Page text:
The Many Wildflowers in Mount Diablo’s Missing Mile

Nemophila menziesii var. menziesii baby blue eyes
Nemophila menziesii var. menziesii baby blue eyes

Diablo is an oasis of nature in the urban East Bay. However, the mountain we have grown to love is very different from the mountain centuries ago. Development, cattle grazing, and homesteading have altered the mountain’s terrain and wildlife. Many non-native life species, such as the pesky barbed goat grass, thrive on Mount Diablo.

Among the mountain’s many phases and changes, there is a window offering a glimpse of the natural flora of Mount Diablo. On the northern slopes of Mount Diablo’s North Peak, in the “Missing Mile,” is the land owned by the Concord Mt. Diablo Trail Ride Association. Throughout the decades, they have been excellent stewards of their land.

Right now, Save Mount Diablo is working to raise about $1 million to protect 154 critical open space acres owned and stewarded by the Concord Mt. Diablo Trail Ride Association (CMDTRA) through our Forever Wild Campaign. We’re getting closer to the finish line every day!

According to a botanical survey completed by Heath Bartosh and George Phillips, 92 percent of the plant species found on CMDTRA land are native to California. The property also hosts an incredible diversity of flora, with many plants considered rare both locally and statewide.

The many wildflowers on this property display a vast spectrum of hues that brighten and enrich the Missing Mile. Here are some pictures of the plants that grow on CMDTRA’s lands (not all of these photos were taken on CMDTRA property, but all of these plants grow there). Give them a look:Shooting star (Primula hendersonii), Eagle Peak Trail, Mount Diablo State Park

Shooting star (Primula hendersonii)

western wallflower (Erysimum capitatum ssp. capitatum)

Western wallflower (Erysimum capitatum ssp. capitatum)

woodland star (Lithophragma affine)

Woodland star (Lithophragma affine)

yarrow (Achillea millefolium)

Yarrow (Achillea millefolium)

serpentine bedstraw (Galium andrewsii ssp. gatense)

Serpentine bedstraw (Galium andrewsii ssp. gatense)

sticky monkeyflower (Diplacus aurantiacus var. aurantiacus)

Sticky monkeyflower (Diplacus aurantiacus var. aurantiacus)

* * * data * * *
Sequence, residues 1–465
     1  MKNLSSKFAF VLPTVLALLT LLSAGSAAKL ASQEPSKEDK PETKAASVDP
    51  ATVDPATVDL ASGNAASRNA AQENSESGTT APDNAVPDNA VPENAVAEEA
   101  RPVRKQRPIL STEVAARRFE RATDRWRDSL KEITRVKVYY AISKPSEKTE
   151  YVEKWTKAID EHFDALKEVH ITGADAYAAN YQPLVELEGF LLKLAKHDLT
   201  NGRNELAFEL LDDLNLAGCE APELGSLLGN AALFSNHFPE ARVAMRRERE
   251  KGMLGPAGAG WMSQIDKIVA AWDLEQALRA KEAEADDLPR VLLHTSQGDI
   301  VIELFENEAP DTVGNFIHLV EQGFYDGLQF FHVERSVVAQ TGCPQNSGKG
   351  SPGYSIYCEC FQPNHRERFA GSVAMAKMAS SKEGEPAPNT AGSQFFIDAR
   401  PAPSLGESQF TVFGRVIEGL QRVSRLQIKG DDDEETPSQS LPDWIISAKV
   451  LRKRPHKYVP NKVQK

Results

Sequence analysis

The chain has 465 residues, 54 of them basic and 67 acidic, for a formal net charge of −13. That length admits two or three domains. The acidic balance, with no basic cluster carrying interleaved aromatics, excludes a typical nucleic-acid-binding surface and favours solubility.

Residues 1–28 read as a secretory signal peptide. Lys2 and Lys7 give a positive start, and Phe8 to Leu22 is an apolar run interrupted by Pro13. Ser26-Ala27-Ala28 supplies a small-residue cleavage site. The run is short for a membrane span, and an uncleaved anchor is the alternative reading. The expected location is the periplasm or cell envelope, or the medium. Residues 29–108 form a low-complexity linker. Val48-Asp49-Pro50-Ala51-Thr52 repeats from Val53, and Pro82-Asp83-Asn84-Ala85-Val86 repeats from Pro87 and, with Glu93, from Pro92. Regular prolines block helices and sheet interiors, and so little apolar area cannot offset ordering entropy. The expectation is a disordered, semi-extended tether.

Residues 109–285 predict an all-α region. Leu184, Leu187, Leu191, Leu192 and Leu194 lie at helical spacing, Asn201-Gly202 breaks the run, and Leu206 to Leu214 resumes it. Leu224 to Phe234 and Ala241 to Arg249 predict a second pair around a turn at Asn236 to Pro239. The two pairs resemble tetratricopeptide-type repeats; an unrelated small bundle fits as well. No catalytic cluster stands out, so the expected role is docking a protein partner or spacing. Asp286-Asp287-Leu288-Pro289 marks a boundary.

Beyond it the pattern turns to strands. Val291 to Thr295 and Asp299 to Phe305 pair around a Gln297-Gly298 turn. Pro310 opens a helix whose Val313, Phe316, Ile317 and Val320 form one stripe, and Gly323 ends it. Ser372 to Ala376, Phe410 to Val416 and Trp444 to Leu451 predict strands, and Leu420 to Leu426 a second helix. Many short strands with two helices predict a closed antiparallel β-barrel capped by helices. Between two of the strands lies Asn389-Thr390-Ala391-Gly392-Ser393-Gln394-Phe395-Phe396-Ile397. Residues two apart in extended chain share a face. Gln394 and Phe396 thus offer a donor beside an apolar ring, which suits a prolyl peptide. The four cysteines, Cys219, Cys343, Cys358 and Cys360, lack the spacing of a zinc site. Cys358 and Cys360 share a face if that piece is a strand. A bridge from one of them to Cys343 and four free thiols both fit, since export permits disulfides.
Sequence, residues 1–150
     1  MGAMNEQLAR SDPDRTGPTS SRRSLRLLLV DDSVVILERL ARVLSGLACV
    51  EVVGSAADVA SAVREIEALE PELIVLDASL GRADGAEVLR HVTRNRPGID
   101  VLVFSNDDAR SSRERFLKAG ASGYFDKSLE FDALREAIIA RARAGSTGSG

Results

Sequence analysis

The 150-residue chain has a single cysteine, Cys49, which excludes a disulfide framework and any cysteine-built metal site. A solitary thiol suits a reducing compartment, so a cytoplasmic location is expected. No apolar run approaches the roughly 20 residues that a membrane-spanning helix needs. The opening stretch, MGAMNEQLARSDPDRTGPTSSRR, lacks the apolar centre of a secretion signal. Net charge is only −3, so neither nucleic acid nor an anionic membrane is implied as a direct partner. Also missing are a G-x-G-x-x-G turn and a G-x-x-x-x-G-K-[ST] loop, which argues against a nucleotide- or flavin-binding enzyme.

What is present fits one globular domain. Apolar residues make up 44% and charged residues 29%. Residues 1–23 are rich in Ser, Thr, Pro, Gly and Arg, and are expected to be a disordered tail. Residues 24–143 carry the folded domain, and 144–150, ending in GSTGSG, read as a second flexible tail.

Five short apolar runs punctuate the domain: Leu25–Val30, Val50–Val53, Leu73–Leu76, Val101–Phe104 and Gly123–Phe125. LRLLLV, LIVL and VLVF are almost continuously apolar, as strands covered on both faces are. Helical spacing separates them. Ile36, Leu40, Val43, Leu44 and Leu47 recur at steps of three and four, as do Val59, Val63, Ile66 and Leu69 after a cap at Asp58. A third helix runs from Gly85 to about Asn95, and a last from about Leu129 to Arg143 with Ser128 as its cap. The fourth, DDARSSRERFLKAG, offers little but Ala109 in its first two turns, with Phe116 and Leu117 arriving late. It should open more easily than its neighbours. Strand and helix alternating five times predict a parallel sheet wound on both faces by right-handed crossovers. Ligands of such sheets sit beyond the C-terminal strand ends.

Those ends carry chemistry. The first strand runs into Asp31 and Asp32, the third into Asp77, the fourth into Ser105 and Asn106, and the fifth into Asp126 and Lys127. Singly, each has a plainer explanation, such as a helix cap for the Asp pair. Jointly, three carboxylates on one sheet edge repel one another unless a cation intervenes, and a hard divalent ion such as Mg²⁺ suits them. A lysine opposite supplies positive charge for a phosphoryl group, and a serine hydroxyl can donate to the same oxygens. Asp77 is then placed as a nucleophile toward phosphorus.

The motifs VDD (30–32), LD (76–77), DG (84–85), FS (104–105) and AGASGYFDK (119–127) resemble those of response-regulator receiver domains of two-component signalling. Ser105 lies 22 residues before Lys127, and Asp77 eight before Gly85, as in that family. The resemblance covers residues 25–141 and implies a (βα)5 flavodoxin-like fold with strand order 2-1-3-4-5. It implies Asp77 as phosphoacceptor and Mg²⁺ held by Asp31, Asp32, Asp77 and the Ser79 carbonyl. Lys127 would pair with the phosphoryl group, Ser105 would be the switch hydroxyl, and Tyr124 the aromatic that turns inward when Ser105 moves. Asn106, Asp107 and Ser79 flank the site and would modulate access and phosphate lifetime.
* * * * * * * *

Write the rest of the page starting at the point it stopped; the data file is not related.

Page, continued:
California hop tree (Ptelea crenulata)

California hop tree (Ptelea crenulata)

California saxifrage (Micranthes californica)

California saxifrage (Micranthes californica)

death camas (Toxicoscordion fremontii)

Fremont’s star lily (Toxicoscordion fremontii)

Hospital Canyon larkspur (Delphinium californicum ssp. interius)

Hospital Canyon larkspur (Delphinium californicum ssp. interius)

Castilleja affinis ssp. affinis (Indian paintbrush)

Indian paintbrush (Castilleja affinis ssp. affinis)

hound's tongue (Cynoglossum grande)

Hound’s tongue (Adelinia¬†grande)

virgin's bower (Clematis ligusticifolia)

Virgin’s bower (Clematis ligusticifolia)

Mt. Diablo fairy lantern (Calochortus pulchellus)

Mount Diablo fairy lantern (Calochortus pulchellus)

purple navarretia (Navarretia pubescens)

Purple navarretia (Navarretia pubescens)

Nemophila menziesii var. menziesii baby blue eyes

Baby blue eyes (Nemophila menziesii var. menziesii)

Amsinckia intermedia common fiddleneck

Common fiddleneck (Amsinckia intermedia)

blue dicks Dichelostemma capitatum

Blue dicks (Dipterostemon capitatus)

Discover more of Mount Diablo’s plants here!

Photos by Heath Bartosh, Bob Brittain, Scott Hein, Al Johnson, Tom McCormack, and David Ogden

Editor’s note: An earlier version of this blog post included some incorrect names and photos of wildflowers. Thanks to all who responded, letting us know what to correct. We’re extremely grateful for our wonderful community!

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